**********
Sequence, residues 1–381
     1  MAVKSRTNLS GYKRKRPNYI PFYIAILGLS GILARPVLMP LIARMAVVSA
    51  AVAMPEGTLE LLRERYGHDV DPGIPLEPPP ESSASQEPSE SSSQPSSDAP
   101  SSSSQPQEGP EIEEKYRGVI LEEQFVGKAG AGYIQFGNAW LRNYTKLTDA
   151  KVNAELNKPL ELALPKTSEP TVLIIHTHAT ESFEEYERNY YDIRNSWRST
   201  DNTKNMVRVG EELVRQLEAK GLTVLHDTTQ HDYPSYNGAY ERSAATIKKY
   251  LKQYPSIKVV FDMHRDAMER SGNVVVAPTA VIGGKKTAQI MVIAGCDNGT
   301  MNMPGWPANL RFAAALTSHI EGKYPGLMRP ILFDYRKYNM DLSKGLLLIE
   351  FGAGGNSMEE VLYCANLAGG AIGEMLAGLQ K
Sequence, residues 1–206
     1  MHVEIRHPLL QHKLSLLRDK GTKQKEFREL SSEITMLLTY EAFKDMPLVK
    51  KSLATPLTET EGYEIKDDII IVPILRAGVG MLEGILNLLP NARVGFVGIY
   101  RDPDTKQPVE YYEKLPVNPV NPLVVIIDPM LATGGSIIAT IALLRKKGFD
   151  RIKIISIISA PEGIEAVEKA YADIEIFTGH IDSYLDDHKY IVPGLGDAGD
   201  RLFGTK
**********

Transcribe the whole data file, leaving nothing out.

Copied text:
Sequence, residues 1–381
     1  MAVKSRTNLS GYKRKRPNYI PFYIAILGLS GILARPVLMP LIARMAVVSA
    51  AVAMPEGTLE LLRERYGHDV DPGIPLEPPP ESSASQEPSE SSSQPSSDAP
   101  SSSSQPQEGP EIEEKYRGVI LEEQFVGKAG AGYIQFGNAW LRNYTKLTDA
   151  KVNAELNKPL ELALPKTSEP TVLIIHTHAT ESFEEYERNY YDIRNSWRST
   201  DNTKNMVRVG EELVRQLEAK GLTVLHDTTQ HDYPSYNGAY ERSAATIKKY
   251  LKQYPSIKVV FDMHRDAMER SGNVVVAPTA VIGGKKTAQI MVIAGCDNGT
   301  MNMPGWPANL RFAAALTSHI EGKYPGLMRP ILFDYRKYNM DLSKGLLLIE
   351  FGAGGNSMEE VLYCANLAGG AIGEMLAGLQ K
Sequence, residues 1–206
     1  MHVEIRHPLL QHKLSLLRDK GTKQKEFREL SSEITMLLTY EAFKDMPLVK
    51  KSLATPLTET EGYEIKDDII IVPILRAGVG MLEGILNLLP NARVGFVGIY
   101  RDPDTKQPVE YYEKLPVNPV NPLVVIIDPM LATGGSIIAT IALLRKKGFD
   151  RIKIISIISA PEGIEAVEKA YADIEIFTGH IDSYLDDHKY IVPGLGDAGD
   201  RLFGTK